Matters of timing

Fixed-year Parliaments at Westminster could mean two elections on the same day in 2015

One presumably unintended consequence of the coalition deal between the Conservatives and the Liberal Democrats is that the commitment to five-year fixed-term parliaments could mean that elections for the National Assembly and Westminster will take place on the same day in May 2015.

That would certainly boost turn-out in Assembly elections but it would cause a massive headache for the political parties, especially in Wales, Scotland and Northern Ireland where they would be fighting on two fronts at once. Think of the problems:

  • Finding 80 rather than 40 candidates.
  • Drawing up two completely different manifestos at the same time.
  • Organising two separate leadership debates for two different institutions – a headache for the media as well.
  • Clarifying two sets of different campaign themes – one for Westminster and the other for Cardiff Bay.
  • Getting involved in two separate sets of coalition negotiations following the election.

Quite apart from these specific problems for the parties there is a perhaps a more serious democratic issue. How is the electorate to distinguish between the policy choices for two sets of institutions when the concerns of one, the National Assembly, will inevitably be drowned out in the campaign by the media?  The domination of the London press and media in Wales – with , for example, only 14 per cent or so of the Welsh population reading a Wales-based daily newspaper – will mean that for most people concerns about the National Assembly will scarcely get a look-in.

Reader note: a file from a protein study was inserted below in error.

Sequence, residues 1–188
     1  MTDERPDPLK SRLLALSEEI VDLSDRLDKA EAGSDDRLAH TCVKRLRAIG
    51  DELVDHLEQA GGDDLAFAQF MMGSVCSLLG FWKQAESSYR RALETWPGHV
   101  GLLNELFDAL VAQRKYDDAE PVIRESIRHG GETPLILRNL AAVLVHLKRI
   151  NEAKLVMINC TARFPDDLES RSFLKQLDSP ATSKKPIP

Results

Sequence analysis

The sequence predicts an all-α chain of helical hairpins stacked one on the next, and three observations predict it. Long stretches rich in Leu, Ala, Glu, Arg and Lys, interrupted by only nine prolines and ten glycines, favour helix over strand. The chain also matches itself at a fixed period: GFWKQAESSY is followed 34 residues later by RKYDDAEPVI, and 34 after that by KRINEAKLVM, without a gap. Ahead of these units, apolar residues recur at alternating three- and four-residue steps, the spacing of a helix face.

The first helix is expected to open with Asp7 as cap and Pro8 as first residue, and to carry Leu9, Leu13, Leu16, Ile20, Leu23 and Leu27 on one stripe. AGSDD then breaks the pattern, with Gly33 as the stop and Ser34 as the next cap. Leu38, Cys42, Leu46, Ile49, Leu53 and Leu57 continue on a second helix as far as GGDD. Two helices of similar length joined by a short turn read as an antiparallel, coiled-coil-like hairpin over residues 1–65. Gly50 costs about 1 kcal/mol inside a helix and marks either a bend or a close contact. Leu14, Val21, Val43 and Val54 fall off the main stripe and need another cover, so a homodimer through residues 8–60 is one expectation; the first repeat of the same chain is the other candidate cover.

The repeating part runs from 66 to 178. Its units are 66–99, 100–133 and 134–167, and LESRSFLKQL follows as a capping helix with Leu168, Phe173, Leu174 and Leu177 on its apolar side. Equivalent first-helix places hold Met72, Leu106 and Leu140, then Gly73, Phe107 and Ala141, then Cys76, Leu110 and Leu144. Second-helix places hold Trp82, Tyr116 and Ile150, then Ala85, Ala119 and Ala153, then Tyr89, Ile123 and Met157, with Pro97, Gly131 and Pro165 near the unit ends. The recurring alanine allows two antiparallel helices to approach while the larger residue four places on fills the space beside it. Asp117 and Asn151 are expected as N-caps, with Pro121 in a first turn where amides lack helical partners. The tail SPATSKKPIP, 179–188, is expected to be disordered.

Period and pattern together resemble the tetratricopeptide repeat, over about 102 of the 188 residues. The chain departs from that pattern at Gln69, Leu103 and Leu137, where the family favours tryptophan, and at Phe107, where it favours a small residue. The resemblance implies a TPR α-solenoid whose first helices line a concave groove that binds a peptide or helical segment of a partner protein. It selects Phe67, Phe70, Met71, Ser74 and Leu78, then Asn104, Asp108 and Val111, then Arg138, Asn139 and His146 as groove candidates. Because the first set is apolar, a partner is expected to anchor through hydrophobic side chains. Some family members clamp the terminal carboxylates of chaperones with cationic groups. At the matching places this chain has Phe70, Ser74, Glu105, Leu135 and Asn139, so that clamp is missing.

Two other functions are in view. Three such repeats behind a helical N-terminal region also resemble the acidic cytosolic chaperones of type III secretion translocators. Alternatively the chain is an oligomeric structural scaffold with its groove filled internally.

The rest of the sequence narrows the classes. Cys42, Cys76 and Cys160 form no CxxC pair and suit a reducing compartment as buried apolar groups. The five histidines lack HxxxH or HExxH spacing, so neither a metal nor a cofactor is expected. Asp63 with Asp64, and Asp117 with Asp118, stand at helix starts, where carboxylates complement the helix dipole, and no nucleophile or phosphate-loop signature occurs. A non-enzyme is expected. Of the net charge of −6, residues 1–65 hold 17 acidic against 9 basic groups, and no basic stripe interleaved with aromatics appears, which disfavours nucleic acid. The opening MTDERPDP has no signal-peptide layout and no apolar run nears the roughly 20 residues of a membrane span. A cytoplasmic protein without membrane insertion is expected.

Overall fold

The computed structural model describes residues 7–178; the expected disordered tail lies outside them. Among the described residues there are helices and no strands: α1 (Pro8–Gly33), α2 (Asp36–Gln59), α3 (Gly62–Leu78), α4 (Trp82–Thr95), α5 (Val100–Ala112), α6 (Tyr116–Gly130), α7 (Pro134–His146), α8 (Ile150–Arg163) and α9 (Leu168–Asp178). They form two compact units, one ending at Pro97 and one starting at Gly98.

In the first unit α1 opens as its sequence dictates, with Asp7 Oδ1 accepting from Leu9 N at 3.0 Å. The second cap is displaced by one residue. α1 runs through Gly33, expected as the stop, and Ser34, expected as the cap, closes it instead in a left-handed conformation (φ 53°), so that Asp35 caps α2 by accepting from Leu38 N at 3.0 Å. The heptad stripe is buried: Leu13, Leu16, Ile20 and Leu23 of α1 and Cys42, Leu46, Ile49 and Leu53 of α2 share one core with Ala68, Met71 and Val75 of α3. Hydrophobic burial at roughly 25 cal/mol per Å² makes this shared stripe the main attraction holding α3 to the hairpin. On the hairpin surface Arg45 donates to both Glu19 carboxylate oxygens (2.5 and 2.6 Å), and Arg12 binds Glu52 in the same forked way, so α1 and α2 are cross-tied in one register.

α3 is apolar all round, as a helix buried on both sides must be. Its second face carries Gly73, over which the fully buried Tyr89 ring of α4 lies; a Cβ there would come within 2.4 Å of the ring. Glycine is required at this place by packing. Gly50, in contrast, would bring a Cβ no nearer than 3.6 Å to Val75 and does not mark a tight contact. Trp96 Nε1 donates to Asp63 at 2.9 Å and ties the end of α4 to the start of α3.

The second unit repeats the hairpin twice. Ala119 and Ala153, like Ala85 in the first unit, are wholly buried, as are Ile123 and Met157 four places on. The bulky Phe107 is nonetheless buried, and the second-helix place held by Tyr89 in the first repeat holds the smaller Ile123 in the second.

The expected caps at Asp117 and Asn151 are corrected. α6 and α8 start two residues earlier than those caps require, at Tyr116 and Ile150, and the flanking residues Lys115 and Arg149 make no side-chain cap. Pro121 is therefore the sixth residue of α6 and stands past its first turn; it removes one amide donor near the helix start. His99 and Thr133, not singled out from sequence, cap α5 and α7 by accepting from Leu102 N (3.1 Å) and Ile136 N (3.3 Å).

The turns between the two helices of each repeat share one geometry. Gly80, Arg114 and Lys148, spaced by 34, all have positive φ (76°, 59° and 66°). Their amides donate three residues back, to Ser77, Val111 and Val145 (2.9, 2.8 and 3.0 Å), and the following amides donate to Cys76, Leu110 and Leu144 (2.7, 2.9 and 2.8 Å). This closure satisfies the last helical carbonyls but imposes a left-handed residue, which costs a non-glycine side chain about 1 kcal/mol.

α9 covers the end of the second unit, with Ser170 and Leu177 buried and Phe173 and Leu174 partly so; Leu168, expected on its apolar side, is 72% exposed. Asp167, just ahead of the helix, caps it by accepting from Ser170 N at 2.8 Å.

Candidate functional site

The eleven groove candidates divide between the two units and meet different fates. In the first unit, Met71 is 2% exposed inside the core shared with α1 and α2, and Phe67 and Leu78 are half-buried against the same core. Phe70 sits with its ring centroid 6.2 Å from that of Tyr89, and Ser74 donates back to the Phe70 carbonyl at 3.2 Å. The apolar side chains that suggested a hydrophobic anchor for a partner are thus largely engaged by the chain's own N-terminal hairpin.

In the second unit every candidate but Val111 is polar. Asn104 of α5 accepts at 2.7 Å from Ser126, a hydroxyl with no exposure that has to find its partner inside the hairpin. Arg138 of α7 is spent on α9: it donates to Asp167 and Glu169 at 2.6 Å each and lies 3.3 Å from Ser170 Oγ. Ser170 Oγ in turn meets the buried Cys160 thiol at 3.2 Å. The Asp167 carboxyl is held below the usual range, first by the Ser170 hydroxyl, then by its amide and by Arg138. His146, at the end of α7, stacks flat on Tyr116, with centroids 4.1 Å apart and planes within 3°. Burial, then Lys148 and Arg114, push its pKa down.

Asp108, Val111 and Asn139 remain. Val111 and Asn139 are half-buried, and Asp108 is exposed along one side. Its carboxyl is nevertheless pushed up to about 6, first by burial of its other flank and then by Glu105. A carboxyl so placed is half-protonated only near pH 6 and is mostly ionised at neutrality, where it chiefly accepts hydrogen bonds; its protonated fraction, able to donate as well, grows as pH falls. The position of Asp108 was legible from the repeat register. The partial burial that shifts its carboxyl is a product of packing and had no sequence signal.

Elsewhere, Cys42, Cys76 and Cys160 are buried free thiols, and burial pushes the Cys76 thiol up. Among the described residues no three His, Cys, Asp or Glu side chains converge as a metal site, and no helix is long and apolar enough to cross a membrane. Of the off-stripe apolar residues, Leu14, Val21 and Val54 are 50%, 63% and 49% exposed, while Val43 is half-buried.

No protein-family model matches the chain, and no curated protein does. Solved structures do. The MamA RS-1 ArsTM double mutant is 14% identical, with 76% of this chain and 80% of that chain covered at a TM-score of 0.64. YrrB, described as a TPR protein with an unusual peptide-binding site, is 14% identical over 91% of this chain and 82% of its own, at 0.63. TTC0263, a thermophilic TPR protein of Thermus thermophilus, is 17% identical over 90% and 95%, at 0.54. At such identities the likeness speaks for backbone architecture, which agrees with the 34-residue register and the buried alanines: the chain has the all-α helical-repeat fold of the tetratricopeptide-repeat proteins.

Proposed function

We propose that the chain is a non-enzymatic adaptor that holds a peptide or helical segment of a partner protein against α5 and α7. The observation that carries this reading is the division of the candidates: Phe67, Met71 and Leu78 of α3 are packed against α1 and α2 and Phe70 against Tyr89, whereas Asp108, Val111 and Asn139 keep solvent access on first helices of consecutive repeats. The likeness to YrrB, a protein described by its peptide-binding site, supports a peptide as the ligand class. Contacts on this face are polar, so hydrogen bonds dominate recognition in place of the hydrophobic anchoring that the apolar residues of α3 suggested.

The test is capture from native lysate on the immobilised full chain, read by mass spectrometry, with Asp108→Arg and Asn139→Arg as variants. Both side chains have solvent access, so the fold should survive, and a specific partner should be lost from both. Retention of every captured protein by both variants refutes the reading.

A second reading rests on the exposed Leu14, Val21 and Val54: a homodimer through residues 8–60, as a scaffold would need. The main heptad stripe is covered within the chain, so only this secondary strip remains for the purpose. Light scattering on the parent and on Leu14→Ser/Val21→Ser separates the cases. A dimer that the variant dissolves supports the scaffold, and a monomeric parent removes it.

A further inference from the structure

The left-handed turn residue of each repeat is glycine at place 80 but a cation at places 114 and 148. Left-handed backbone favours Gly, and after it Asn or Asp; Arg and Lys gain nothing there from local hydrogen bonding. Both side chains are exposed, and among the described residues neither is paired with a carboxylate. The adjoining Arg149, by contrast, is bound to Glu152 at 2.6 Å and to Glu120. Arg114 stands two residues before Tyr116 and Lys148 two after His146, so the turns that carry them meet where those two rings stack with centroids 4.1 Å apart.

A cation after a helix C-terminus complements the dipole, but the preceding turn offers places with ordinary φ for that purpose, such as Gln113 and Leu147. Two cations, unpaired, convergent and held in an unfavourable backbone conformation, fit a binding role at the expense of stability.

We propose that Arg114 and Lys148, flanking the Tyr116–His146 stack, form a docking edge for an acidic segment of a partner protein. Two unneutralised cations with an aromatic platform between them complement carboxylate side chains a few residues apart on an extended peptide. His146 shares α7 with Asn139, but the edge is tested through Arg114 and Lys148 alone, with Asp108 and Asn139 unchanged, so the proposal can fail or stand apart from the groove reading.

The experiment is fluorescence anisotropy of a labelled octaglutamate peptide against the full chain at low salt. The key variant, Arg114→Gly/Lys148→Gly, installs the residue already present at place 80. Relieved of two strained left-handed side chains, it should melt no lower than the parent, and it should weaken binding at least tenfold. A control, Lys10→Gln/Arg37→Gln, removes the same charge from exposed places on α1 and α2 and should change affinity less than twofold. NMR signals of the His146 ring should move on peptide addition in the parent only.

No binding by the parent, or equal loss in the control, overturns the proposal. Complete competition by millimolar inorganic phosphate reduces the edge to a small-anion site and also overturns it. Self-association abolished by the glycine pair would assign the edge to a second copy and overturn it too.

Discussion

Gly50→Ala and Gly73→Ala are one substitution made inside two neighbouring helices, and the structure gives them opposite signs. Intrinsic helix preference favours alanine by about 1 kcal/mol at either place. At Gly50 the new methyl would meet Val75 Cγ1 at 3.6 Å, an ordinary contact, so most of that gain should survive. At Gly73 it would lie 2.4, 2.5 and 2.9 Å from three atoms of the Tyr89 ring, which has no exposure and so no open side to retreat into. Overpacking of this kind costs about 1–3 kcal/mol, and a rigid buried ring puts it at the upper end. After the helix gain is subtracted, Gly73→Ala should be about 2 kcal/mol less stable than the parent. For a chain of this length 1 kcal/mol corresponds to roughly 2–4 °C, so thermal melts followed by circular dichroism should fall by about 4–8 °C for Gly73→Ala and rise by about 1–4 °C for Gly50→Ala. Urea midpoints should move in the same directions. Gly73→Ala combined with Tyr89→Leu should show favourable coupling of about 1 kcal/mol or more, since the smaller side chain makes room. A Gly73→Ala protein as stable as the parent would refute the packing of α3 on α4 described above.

Then there’s the question of organising the election itself. People are, of course, used to voting in Assembly and local elections at the same time but it undoubtedly presents a logistical challenge. This was underlined across England last week where in many constituencies people had to queue to vote with some having the polling booth doors closed to them at 10pm.

Of course, this doubling up of Assembly elections wouldn’t occur every time. If the fixed four-year term for the Assembly and fixed five-year term for Westminster were strictly adhered to it would happen once in every four elections.

Maybe all of this is just a little too unlikely. In the first instance, how probable is it that the new coalition at Westminster will last a full five-year term? Of course, if it only lasts a year, a double election could come in May 2011. Meanwhile, the new coalition’s commitment to hold a referendum on the alternative vote electoral system throws up another issue of timing. Depending on how soon that is contemplated, could it be run in tandem with a referendum in Wales on more powers for the Assembly?

John Osmond is the Director of the IWA

One thought on “Matters of timing

  1. It’s more than 80 candidates, what about the lists? Unless we want a bizarro Clwyd West problem where losing parliamentary candidates are elected to the Assembly on the list!

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